Following on from our exploration of what Digital Analytics is, and the exploration specifically of hiring Digital Insights Analysts in the North of England and Midlands, we wanted to take a look at Product Analytics, and how it differs from the standard Digital Analyst role.To help investigate the importance of Product Analytics in the current market, we have interviewed Nicky Tran, a Product Analyst at Virgin Media (Manchester).What Is A Product Analyst?In simple terms, a Product Analyst ‘’looks at the different products a company has, and then you are identifying which areas of the product can be improved or which areas can be optimised.” While Digital Analytics can inform the product lifecycle, the interesting aspect to this role is, that unlike a traditional Web Analyst role, it is more of a hybrid role. Nicky emphasised that it is ‘’an upcoming sector within the analytics community’’, providing an overlap between Digital Analytics, Customer Analytics and Data Science.The key skills and tools for this role are advanced SQL, Google Analytics, and AB testing. So how does this skillset differ from a traditional Web Analyst? Nicky suggests that while the core requirements are that of a Web Analyst, with a web role you would essentially just be using Google Analytics Data. However, as a Product Analyst, you would be using advanced SQL to access other data bases, and pull data from models, and therefore, “you are combining two sets of data to get a more insightful look”.Why Is Product Analytics Important, And Why Are They Now Becoming More Prominent On The Market?Similar to Digital Analytics roles, it is clear that with the impending digital transformation, companies are becoming increasingly data-led, especially with regards to their digital platforms (and products).As a result of the pandemic, the digital space is so much more important than ever before. Therefore, to stay competitive, and to really understand the products from the consumer perspective, companies have to provide the most personalised customer experiences to acquire and retain their consumers. As Nicky mentions, ‘It is definitely worth making an ‘inventory’ to see how to promote what you have – it is about personalising the customer journey’.What are employers looking for in a Product Analytics candidate?Product Analytics are great due to their hybridity. In the current market, where there are numerous jobs, and few candidates, a Product Analyst (technically strong in three areas) is a highly sought-after rarity.Businesses are becoming increasingly invested in Product Analytics and having a Product team that works alongside the Digital team can be beneficial; especially when companies need to stay competitive.What are Candidates looking for? Understanding the differences between a Digital Analyst, and a Product Analyst is key to understanding what a candidate is looking for. Nicky suggested that this Product Analyst role enabled her to be the ‘bridge’ between areas.So how does the future of a Product Analyst differ to that of the route of a Digital Analyst? For Nicky, this is one of the most important factors to being a Digital Analyst, as she has the option to go down the Data Science route in the future should she wish. The more technical skills she has as a Product Analyst means she is building up experience across different areas of Data & Analytics, giving her a slightly different career path, should she want to go down a more technical route.Why Choose A Product Analyst Role?“If you come from a technical background – maths, physics, computer science – and are interested in how the numbers are crunching, it is worth going into Product Analytics, as it needs a logical mathematics brain, to be able to convert it into a way which is useful to stakeholders.”From speaking to Nicky, it is clear that Product Analytics is an up-and-coming role that people don’t know enough about it. Therefore, if you are curious about Product Analytics, or any of the different roles the market has to offer at the moment, as an employer looking for help hiring, or a candidate actively or passively looking for work, Harnham can help. Take a look at our latest Product Analytics jobs, or get in touch for more information on how we can support your hiring needs.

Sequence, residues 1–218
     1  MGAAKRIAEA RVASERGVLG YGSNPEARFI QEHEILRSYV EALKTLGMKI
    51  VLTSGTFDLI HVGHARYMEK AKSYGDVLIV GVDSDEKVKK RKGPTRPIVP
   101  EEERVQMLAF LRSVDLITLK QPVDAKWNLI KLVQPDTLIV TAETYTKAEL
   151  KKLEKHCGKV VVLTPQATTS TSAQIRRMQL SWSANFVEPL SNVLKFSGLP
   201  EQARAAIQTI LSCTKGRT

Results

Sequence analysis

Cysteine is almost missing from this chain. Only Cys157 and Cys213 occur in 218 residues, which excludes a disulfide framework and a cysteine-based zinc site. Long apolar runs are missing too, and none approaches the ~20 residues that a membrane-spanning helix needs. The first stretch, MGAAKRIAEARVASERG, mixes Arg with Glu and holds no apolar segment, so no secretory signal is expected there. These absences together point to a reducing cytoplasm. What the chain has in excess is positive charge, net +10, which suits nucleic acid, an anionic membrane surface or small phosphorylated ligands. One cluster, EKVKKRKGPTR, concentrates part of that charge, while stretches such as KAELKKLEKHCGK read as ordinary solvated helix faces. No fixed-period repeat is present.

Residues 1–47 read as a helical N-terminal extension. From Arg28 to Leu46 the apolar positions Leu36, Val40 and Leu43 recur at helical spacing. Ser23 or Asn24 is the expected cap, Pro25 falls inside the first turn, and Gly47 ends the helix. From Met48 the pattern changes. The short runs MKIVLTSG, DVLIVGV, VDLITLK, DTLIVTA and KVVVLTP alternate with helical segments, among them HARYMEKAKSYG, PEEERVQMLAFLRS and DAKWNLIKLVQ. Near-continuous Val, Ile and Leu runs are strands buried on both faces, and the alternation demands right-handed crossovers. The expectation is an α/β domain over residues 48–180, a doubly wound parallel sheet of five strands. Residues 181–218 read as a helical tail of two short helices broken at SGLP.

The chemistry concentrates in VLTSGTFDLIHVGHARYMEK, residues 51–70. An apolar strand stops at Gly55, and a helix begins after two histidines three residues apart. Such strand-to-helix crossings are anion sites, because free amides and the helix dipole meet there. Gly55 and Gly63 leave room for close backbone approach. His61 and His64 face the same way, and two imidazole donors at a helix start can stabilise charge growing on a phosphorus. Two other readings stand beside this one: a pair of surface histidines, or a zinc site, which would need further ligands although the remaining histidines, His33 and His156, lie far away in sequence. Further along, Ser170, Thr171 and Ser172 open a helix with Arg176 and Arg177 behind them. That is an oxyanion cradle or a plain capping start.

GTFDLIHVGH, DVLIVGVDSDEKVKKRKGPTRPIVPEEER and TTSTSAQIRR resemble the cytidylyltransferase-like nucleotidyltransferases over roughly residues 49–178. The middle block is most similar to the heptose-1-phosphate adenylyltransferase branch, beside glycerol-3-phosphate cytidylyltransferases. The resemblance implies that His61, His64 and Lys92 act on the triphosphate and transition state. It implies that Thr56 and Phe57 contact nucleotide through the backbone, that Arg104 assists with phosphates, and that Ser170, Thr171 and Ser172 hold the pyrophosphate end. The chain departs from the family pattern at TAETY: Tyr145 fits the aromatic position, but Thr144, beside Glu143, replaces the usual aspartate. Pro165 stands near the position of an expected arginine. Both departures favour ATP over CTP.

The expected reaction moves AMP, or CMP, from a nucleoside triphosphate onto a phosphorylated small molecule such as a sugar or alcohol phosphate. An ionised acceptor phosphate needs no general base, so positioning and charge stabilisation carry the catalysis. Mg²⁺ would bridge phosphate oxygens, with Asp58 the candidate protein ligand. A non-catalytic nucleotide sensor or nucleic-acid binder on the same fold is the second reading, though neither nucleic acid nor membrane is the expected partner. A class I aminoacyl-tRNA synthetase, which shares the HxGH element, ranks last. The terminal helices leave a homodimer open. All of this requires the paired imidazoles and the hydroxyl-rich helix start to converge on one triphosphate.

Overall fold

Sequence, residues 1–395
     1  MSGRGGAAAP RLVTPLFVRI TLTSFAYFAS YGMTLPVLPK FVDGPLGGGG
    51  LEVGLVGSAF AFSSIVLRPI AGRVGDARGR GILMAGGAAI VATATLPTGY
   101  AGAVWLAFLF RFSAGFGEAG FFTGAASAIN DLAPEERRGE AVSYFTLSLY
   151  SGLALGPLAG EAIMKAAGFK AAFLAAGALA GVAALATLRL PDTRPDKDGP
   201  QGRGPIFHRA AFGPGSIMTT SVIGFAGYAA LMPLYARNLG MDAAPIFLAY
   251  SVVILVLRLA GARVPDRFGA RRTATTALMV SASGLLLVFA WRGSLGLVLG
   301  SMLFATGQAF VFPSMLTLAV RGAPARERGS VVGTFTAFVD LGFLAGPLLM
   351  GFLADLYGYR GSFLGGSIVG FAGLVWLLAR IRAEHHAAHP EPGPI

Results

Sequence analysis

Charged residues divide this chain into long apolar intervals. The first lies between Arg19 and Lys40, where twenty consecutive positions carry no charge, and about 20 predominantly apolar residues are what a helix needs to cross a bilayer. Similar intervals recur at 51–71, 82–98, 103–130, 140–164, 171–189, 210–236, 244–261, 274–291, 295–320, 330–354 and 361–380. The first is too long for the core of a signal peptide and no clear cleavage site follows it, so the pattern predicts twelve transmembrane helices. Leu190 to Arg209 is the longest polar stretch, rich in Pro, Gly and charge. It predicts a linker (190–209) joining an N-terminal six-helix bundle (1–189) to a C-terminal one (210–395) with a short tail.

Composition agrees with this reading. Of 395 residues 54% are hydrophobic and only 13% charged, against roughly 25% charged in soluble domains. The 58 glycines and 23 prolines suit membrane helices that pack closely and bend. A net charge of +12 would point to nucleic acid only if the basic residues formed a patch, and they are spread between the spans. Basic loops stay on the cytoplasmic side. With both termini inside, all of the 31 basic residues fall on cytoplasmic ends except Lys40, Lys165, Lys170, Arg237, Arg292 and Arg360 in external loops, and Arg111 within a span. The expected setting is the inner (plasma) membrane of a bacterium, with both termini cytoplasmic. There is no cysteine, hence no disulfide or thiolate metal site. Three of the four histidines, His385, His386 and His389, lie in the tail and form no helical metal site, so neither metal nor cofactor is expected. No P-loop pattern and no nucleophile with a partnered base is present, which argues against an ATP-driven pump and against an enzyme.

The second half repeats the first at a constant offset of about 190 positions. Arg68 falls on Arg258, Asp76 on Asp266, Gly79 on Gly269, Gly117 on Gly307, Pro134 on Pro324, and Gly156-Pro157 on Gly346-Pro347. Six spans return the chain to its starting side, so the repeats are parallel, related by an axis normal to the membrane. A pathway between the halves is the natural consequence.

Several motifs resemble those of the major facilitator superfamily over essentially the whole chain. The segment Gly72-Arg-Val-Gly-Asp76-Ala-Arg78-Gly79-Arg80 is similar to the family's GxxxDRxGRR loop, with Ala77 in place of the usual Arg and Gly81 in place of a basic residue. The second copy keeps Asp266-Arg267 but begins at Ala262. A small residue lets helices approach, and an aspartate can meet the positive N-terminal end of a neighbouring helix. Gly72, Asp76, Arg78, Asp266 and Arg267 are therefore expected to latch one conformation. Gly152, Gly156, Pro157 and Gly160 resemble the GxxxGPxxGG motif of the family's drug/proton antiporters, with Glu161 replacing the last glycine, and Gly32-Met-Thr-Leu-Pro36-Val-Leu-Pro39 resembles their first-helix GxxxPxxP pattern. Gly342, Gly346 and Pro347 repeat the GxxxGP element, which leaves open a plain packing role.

Web Analytics in the North of England and Midlands | Harnham Recruitment post